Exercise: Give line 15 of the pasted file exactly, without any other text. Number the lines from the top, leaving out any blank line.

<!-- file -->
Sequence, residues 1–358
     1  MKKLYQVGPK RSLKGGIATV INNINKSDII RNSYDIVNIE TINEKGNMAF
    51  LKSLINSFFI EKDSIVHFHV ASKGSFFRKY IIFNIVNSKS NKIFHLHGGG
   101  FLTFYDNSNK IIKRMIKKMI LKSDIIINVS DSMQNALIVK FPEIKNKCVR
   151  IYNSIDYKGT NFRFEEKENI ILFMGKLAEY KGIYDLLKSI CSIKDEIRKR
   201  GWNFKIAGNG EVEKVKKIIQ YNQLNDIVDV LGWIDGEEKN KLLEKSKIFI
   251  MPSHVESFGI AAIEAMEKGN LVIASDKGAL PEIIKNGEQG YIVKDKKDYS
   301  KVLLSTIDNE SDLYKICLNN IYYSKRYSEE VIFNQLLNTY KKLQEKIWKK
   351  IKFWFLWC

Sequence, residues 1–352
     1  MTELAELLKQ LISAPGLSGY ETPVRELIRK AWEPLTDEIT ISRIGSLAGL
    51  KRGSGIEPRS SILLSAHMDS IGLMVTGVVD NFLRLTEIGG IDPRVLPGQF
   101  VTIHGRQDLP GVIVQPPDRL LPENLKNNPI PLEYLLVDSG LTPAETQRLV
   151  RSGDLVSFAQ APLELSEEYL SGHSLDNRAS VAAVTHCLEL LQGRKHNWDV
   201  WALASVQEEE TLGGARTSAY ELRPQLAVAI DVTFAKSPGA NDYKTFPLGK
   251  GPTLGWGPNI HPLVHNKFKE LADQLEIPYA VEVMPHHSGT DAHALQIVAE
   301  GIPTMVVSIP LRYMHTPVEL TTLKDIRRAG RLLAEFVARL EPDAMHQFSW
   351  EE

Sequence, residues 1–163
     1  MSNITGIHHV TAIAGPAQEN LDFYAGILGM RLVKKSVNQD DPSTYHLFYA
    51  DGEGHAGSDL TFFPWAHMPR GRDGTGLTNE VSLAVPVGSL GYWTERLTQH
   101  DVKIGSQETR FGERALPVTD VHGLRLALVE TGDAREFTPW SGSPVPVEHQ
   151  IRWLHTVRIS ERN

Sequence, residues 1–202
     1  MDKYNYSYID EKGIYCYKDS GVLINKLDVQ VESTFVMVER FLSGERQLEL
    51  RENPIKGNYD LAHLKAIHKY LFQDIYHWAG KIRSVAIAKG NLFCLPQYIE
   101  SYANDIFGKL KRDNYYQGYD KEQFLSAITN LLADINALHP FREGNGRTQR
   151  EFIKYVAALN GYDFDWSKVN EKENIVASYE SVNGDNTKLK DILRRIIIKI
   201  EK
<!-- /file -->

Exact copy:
   201  WALASVQEEE TLGGARTSAY ELRPQLAVAI DVTFAKSPGA NDYKTFPLGK